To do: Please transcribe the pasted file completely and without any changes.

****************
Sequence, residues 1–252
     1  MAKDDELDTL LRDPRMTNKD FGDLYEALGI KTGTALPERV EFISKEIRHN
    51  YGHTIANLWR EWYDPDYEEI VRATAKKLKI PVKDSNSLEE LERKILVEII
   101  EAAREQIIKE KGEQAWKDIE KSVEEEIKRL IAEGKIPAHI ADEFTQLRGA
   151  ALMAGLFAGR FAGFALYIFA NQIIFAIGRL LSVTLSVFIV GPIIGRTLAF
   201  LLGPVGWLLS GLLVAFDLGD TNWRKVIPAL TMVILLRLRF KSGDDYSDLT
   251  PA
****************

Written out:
Sequence, residues 1–252
     1  MAKDDELDTL LRDPRMTNKD FGDLYEALGI KTGTALPERV EFISKEIRHN
    51  YGHTIANLWR EWYDPDYEEI VRATAKKLKI PVKDSNSLEE LERKILVEII
   101  EAAREQIIKE KGEQAWKDIE KSVEEEIKRL IAEGKIPAHI ADEFTQLRGA
   151  ALMAGLFAGR FAGFALYIFA NQIIFAIGRL LSVTLSVFIV GPIIGRTLAF
   201  LLGPVGWLLS GLLVAFDLGD TNWRKVIPAL TMVILLRLRF KSGDDYSDLT
   251  PA